Just as with your employer, it’s important to have a clear idea of what expectations are with family members. For some people, it’s easy to wind up in a situation where a relationship suffers because one partner is spending “home” time working. It’s just as easy to wind up in a situation where a family member isn’t clear on boundaries and will contact you regularly during work hours. Laying out what each family member needs in terms of time and communications is important—sticking to it is even more crucial.

Without clear guidelines on the personal side, though, it’s that much easier for your work to find you and encroach on what’s supposed to be personal time.

Introduce Old School Etiquette to the Mix
There’s a reason that grandparents and other elderly relatives tend to get a little icy if you take a phone call at the dinner table. As a general rule, etiquette demands that if someone has taken time out of their day to spend with you—whether in a meeting or in a personal situation—you give them your full attention.

It’s not uncommon that people pull out their cell phones and other electronic devices when they should focus on the person in front of them: According to the same study, two out of three people report doing just that in meetings. But refusing to do so can make your work that much more manageable. It also means that you aren’t abusing other people’s time. It can be frustrating to see everyone in a meeting ignoring you when you’re the speaker.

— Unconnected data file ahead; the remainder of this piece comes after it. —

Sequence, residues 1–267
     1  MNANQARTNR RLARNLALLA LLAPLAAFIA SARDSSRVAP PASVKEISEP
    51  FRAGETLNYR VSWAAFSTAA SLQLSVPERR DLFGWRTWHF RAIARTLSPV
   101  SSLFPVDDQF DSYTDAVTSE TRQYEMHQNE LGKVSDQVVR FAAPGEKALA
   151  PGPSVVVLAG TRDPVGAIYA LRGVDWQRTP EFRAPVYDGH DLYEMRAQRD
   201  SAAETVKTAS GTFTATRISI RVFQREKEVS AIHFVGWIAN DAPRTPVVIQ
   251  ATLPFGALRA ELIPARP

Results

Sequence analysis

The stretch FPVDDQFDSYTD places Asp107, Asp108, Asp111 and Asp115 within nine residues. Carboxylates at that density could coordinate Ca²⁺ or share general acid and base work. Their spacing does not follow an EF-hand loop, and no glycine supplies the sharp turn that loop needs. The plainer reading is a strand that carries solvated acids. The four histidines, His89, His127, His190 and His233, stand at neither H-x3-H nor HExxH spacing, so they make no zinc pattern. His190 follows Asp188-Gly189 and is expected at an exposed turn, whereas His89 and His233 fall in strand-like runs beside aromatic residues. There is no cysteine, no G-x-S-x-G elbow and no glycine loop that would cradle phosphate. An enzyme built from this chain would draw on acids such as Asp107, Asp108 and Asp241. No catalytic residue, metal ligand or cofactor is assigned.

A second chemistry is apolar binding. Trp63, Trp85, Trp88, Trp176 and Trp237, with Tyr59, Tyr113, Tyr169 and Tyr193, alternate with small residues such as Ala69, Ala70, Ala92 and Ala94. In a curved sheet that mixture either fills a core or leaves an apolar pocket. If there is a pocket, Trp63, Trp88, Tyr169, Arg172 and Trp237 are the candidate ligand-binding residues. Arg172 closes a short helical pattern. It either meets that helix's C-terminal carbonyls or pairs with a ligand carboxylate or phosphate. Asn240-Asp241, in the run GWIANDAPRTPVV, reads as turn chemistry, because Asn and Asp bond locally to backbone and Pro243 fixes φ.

Revisit Your Personal Communications Policy Regularly
As important as it is to set your guidelines for communication, it’s just as important to revisit them as situations change. At different points in your life, it can be more acceptable to be accessible to work—when you’re young and single, for instance, compared to when you have a brand new baby at home. So don’t assume that the policy that was perfect two years ago will stay that way. It should keep evolving with the rest of your life.

It’s Up to You to Control the Situation
The truth of having a career is that you have to put in the hours and do the work. There will always be situations that pop up and demand attention, even when work is supposed to be the last thing on your mind. But the same is true of your family and anything else you take seriously.

It’s up to you to create guidelines for how you will handle the different parts of your life, and it’s up to you to stick to the rules you’ve created. Remember, it takes practice to get used to being a little less accessible and having a little more control: it’s not a feeling that we can get used to immediately, and it takes self-discipline to keep choosing not to answer every beep and buzz we hear. But the benefits to your own peace of mind and your ability to do your work can be incredible.